Drugs sold in Vietnam may be counterfeit, synthetic, or laced with toxic ingredients that the buyer is unaware of. You should also avoid buying liquor or cigarettes from strangers or street vendors because the contents’ authenticity cannot be guaranteed.

Tourism Industry: The tourism industry is not uniformly regulated, and safety inspections of equipment and facilities are rare. In most cases, appropriate medical treatment is only available in/near major cities.

In several cases, first responders cannot reach areas outside of major cities and provide emergency medical care. Medical evacuation insurance is strongly recommended for all US citizens.

Vietnam Local Laws:

Penalties for Crimes: Vietnamese laws apply to you. You may be expelled, arrested, or imprisoned if you violate local laws, even if you don’t realize it. If you do not have a proper ID, such as a passport or a copy of your visa, you may be detained in Vietnam and questioned. If you violate Vietnamese laws, your US passport will not protect you from arrest or prosecution.

Rules in Hotels: When you check into a hotel in Vietnam, you must present your passport (and any visas, if applicable) so that your stay can be registered with the local police. Every guest in a hotel room, irrespective of nationality, must be registered.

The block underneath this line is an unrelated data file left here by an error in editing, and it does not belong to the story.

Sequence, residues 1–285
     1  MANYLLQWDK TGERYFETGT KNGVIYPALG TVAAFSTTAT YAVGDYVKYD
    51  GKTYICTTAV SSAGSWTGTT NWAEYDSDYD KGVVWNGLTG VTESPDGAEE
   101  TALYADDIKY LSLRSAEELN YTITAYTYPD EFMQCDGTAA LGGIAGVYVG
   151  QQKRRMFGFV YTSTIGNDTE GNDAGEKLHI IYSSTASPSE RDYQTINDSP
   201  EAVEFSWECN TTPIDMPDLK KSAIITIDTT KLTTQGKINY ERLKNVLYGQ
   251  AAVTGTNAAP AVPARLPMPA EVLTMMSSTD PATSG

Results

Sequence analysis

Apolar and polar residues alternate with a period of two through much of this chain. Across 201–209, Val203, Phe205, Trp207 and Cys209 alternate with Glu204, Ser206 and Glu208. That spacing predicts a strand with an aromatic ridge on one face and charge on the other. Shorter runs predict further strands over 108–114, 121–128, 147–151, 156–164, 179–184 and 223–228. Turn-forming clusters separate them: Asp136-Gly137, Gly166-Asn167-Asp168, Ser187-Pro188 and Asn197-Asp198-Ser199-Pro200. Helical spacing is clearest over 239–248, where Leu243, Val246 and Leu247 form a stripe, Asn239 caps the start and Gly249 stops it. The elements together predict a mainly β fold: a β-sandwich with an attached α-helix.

If you stay at a private residence (e.g., a relative’s or friend’s home), you must abide by registration requirements by visiting the local police station and enrolling your stay within 24 hours. Some provinces permit online registration.

Export Regulations: The export of antiques is prohibited by Vietnamese law. However, these laws are ambiguous and inconsistently enforced. Customs officials may inspect and reclaim your antiques without compensating you, and the definition of what constitutes an “antique” can be unreasonable.

If you buy valuable non-antique items, keep receipts and confirmation from sellers and/or the Ministry of Culture and the Customs Department to avoid seizure when you exit the country.

Import Regulations: Vietnamese officials have captured documents, audio and videotapes, compact discs, literature, and personal letters that they believe are pornographic or political in nature or are intended for religious or political preaching.

Importing weapons, ammunition, explosives, military equipment and tools (including uniforms), narcotics, drugs, toxic chemicals, pornographic and subversive materials, firecrackers, or children’s toys have “negative effects on personality development, social order, and security” is prohibited.

Currency Regulations: There are no restrictions upon entering or exiting Vietnam. However, Vietnamese Dong worth more than VND 150,000,000 or foreign currency worth more than 5,000 US dollars or equivalent must be declared.

Health Information: